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Possible Asteroid Debris Discovered As NASA Opens Capsule

Possible asteroid debris discovered as NASA opens capsule that recently returned to Earth, containing the largest asteroid sample ever collected from space. On Tuesday, NASA reported that upon the initial removal of the lid from the Osiris-REx science canister, they found "dust and debris" on the avionics deck.

Mariella Blankenship
Sep 28, 20233054 Shares74482 Views
Possible asteroid debris discovered as NASA opens capsulethat recently returned to Earth, containing the largest asteroid sample ever collected from space. On Tuesday, NASA reported that upon the initial removal of the lid from the Osiris-REx science canister, they found "dust and debris" on the avionics deck.
The space agency did not explicitly confirm whether the materials found upon opening the probe's lid definitively originated from the asteroid. However, NASA shared on social media that "scientists gasped as the lid was lifted from the [Osiris-REx] asteroid sample return canister."
"A scientific treasure box," NASA Astromaterials said in a social media post.
Dark powder and sand-sized particles were found on the inside of the lid and base.- NASA
The debris discovered on the avionics deck on Tuesday was probably a consequence of challenges encountered during the collection phase of the space mission. NASA noted that these challenges were eventually resolved, enabling the safe transfer of the sample from the asteroid to the probe's storage canister.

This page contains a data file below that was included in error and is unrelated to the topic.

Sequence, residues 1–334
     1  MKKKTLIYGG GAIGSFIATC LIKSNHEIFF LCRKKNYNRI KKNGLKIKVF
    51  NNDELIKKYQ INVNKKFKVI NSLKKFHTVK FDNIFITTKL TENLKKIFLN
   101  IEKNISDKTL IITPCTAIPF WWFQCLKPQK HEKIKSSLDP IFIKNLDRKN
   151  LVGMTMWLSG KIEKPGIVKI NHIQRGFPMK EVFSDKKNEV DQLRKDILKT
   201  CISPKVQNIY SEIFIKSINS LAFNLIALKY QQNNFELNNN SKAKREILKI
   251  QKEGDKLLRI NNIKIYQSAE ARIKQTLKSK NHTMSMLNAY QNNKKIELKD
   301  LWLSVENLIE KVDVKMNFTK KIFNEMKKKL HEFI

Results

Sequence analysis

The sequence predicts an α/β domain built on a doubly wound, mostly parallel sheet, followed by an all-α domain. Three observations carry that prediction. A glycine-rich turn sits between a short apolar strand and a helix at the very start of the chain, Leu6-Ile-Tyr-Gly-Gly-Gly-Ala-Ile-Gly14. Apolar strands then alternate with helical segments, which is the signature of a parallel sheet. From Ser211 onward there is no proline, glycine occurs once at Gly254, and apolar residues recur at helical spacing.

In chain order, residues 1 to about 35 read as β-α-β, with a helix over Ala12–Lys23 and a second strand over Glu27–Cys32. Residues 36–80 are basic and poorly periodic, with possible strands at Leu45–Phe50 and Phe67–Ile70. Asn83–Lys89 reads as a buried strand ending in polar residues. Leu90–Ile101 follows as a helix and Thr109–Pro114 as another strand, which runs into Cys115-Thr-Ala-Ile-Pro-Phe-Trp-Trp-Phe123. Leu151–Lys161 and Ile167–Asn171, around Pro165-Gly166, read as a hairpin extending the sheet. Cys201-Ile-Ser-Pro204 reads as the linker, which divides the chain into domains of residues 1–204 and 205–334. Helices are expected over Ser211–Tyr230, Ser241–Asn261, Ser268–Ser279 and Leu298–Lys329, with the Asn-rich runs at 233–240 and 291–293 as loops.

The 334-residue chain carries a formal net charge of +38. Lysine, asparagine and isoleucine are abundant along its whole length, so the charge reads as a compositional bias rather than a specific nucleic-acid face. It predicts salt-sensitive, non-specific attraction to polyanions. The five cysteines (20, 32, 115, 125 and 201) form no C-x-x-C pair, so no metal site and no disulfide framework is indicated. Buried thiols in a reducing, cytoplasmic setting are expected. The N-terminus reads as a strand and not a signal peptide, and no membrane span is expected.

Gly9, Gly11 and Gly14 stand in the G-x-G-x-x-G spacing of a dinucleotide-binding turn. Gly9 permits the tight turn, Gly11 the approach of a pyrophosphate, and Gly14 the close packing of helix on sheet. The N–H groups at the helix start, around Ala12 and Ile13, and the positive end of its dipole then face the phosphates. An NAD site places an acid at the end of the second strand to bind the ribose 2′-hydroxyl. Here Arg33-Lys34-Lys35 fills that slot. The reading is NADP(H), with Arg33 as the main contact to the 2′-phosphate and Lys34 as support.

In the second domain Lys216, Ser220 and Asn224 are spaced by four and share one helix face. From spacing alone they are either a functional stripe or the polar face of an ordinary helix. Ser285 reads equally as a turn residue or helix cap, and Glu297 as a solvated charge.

The lid of the probe was unsealed within a hermetically sealed chamber located at the Johnson Space Center in Houston, Texas.
According to NASA's statement, the aluminum lid was taken off within a specially designed glovebox, created to facilitate handling of the substantial hardware. This process was illustrated through images shared on social media, depicting scientists in full protective gear as they worked with the probe positioned within a reinforced glass and steel enclosure.
NASA scientists are eagerly anticipating the commencement of their analysis of the majority of the sample gathered from the asteroid. This process will necessitate the intricate disassembly of the probe, as stated by the space agency.
The Osiris-REx capsule sitting in the desert after landing on earth
The Osiris-REx capsule sitting in the desert after landing on earth
A press conference has been scheduled for October 11, during which details regarding the bulk of the sample will be unveiled to the public.
The robotic spacecraft OSIRIS-REx was launched in 2016 and collected its specimen from Bennu, a small, carbon-rich asteroid discovered in 1999, three years ago. Bennu is categorized as a "near-Earth object" due to its relatively close proximity to our planet, with a close approach occurring every six years.
This retrieval marked only the third instance of an asteroid sample being brought back to Earth for analysis, and it is by far the largest, following two similar missions conducted by Japan's space agency in 2010 and 2020.
Upon landing on the asteroid, Osiris-Rex gathered approximately 250 grams (9 ounces) of dust from its rocky surface. Scientists believe that the analysis of this material will provide valuable insights into the formation of the solar system and the factors that led to Earth becoming habitable.
NASA has highlighted that the collected sample will also contribute to our improved understanding of the types of asteroids that may pose a threat to Earth. While the likelihood of Bennu colliding with Earth is considered low, it has not been completely ruled out.
Approximately one-quarter of the Bennu sample will be promptly utilized in experiments, with a small portion destined for mission collaborators in Japan and Canada. The remaining portion will be preserved for examination by future generations.

Conclusion

The space probe concluded its extensive 6.21-billion-kilometer (3.86-billion-mile) journey on Sunday, descending through Earth's atmosphere in a dramatic fashion before parachuting down in the Utah desert.
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